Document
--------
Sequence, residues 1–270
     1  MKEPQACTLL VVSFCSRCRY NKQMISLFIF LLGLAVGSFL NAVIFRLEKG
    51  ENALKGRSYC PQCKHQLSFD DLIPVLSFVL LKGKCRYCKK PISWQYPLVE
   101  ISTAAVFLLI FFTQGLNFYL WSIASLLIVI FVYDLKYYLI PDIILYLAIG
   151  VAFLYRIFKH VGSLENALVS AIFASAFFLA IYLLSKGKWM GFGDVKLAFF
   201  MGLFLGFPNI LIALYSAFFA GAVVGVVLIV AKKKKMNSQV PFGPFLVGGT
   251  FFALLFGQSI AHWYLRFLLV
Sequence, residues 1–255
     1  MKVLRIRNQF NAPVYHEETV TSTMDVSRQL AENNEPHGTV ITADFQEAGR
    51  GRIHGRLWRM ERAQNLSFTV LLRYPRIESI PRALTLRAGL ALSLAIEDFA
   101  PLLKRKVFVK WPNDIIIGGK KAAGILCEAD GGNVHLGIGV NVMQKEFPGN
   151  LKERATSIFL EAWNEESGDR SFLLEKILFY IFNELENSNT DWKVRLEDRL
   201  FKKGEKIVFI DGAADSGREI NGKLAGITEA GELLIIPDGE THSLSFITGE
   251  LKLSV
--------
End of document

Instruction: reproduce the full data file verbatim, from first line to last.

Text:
Sequence, residues 1–270
     1  MKEPQACTLL VVSFCSRCRY NKQMISLFIF LLGLAVGSFL NAVIFRLEKG
    51  ENALKGRSYC PQCKHQLSFD DLIPVLSFVL LKGKCRYCKK PISWQYPLVE
   101  ISTAAVFLLI FFTQGLNFYL WSIASLLIVI FVYDLKYYLI PDIILYLAIG
   151  VAFLYRIFKH VGSLENALVS AIFASAFFLA IYLLSKGKWM GFGDVKLAFF
   201  MGLFLGFPNI LIALYSAFFA GAVVGVVLIV AKKKKMNSQV PFGPFLVGGT
   251  FFALLFGQSI AHWYLRFLLV
Sequence, residues 1–255
     1  MKVLRIRNQF NAPVYHEETV TSTMDVSRQL AENNEPHGTV ITADFQEAGR
    51  GRIHGRLWRM ERAQNLSFTV LLRYPRIESI PRALTLRAGL ALSLAIEDFA
   101  PLLKRKVFVK WPNDIIIGGK KAAGILCEAD GGNVHLGIGV NVMQKEFPGN
   151  LKERATSIFL EAWNEESGDR SFLLEKILFY IFNELENSNT DWKVRLEDRL
   201  FKKGEKIVFI DGAADSGREI NGKLAGITEA GELLIIPDGE THSLSFITGE
   251  LKLSV